This thing is huge! First picture is just one of the blades...350 feet long. The nacelle is larger than many people's houses.
Offshore wind has evolved to the point where it is a self sustaining and profitable industry in areas of the UK and Europe/Scandinavia where about 5000 or so of them are operating and thousands more going up.How many years to recoup the cost of an assembly this huuuuuge? Or is it tax credits (etc.) that make these things "affordable"?
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And:American Experiment has been a leader in exposing the fact that wind turbines only last for twenty years, and after that time the turbines must be torn down as part of the decommissioning process. We have also detailed how wind turbine blades cannot be recycled, and must be stored in landfills.
If the article is correct, then wind turbines are a real environmental problem when their parts (at least, the blades) head off-site for disposal.The fact that it is too expensive to dispose of wind turbine blades in a landfill should be front page news, because we’re going to have thousands of blades to get rid of in the near future. In fact, the Energy Information Administration shows Minnesota has some of the oldest wind turbines in the country, meaning this problem will present itself sooner than later.
Inaccurate on some points.....Fiberglas structures are recycled all the time. The turbines used in the offshore farms are designed for a 25 year service life, so that’s close to the 20 referenced in that article.Just saw this:
If the article is correct, then wind turbines are a real environmental problem when their parts (at least, the blades) head off-site for disposal.
Are they? Don't know much about this sector so curious to hear thoughts....
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Here is a sampling of typical foundations for offshore wind turbines. The loads are indeed large but manageable..obviously.If I may ...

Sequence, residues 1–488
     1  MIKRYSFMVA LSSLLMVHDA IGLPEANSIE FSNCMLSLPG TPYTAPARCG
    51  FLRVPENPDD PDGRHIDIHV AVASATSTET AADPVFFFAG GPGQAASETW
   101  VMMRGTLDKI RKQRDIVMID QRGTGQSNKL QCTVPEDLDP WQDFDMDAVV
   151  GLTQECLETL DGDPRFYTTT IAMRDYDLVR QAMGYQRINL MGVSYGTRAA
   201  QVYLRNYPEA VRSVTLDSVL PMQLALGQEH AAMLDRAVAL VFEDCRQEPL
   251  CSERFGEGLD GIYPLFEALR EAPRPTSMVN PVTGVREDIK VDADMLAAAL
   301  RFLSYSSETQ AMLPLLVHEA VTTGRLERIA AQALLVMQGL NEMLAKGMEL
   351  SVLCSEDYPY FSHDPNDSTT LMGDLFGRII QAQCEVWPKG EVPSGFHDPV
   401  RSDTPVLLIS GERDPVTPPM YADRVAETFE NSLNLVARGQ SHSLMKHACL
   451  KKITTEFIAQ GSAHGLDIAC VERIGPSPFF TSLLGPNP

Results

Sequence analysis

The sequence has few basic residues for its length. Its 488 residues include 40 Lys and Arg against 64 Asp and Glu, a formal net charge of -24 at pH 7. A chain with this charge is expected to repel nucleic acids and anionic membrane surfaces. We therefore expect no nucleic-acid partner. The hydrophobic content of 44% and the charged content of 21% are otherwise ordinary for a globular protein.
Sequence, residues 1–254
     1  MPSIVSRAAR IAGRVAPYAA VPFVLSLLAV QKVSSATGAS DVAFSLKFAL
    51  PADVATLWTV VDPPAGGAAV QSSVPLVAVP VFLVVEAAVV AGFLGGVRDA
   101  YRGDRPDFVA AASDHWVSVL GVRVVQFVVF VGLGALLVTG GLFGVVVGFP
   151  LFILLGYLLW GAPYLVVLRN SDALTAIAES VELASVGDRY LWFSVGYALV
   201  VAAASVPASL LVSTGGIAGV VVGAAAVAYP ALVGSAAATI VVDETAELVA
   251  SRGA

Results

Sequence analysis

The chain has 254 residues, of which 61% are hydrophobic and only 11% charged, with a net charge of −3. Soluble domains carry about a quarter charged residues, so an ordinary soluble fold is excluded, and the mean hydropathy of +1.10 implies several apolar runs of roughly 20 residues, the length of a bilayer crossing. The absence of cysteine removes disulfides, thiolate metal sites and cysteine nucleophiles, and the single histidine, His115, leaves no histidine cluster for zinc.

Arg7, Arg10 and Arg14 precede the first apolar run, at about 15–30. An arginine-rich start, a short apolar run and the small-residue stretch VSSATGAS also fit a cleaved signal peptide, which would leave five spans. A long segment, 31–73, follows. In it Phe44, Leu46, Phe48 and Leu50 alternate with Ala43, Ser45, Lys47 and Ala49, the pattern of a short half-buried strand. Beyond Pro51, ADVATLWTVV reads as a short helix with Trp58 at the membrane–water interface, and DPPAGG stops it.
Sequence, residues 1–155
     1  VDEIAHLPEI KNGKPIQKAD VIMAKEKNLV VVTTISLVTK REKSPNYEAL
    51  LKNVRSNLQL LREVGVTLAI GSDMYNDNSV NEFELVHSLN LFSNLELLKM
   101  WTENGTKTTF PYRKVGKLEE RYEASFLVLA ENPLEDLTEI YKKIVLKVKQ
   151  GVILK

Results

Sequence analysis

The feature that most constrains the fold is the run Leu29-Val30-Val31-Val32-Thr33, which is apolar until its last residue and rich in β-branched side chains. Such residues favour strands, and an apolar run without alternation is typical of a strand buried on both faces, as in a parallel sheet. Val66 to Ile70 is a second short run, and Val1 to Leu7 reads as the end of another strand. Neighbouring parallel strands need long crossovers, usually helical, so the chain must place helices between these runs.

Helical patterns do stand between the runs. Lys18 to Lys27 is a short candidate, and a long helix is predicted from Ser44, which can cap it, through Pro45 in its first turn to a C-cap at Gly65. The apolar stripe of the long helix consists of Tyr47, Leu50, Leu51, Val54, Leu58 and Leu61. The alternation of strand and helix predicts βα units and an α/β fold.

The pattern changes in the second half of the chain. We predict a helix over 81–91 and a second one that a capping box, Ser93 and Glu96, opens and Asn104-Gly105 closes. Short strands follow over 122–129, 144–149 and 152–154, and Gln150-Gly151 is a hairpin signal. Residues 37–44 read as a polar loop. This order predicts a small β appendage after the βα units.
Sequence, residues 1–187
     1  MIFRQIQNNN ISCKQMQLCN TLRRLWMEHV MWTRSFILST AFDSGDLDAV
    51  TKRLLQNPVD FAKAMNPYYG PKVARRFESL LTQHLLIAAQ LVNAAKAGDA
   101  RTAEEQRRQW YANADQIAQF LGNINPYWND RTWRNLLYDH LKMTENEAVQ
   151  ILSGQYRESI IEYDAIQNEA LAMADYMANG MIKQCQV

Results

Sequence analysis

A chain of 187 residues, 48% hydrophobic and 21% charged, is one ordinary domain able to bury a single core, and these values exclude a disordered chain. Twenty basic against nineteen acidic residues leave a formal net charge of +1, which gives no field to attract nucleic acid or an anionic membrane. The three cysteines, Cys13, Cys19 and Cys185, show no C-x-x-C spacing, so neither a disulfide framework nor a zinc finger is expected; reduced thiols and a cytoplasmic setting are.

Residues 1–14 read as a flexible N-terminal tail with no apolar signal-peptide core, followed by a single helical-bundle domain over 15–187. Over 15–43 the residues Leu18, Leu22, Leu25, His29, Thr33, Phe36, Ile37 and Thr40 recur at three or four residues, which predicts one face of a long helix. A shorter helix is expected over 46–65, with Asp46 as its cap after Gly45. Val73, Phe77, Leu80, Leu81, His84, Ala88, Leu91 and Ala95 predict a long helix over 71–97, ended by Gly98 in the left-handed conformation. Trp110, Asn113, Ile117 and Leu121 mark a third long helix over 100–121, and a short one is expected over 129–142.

I'm wondering if the support for that pylon is equal distance under ground to keep that thing standing? The wind forces at times must be immense.
If anyone with a vessel with large cannon or explosives came along and wanted to knock one out..piece of cake. Each farm has from 60 to 150 turbines, typically, and there are roughly 5000 turbines operating offshore in the UK and Europe. Not much chance of even a concerted effort taking out significant power generation unless they attacked the combining stations that the turbines connect to. At that point, we're describing an attack on a scale that is essentially war level.Who's minding the store when it comes to these things? Are there patrol boats on the watch 24/7 to make sure some group doesn't come along and blow it all up? I imagine to cripple any power plant in the nation would take some serious fire power. What would it take to knock one of these out? Or replace it afterward?
The latest in "hot" offshore technology are floating turbines. The prototpye farm, HYWIND, off Scotland, has been a success and now countries that do not have coastal shelves are moving out to start offshore wind projects. Portugal, for example, and Spain. Our own west coast states are also looking at floating wind farm options.Learn something new everyday. I'd also image those supports are of significant weight.
Got some research and reading to do then to play catch-up.The latest in "hot" offshore technology are floating turbines. The prototpye farm, HYWIND, off Scotland, has been a success and now countries that do not have coastal shelves are moving out to start offshore wind projects. Portugal, for example, and Spain. Our own west coast states are also looking at floating wind farm options.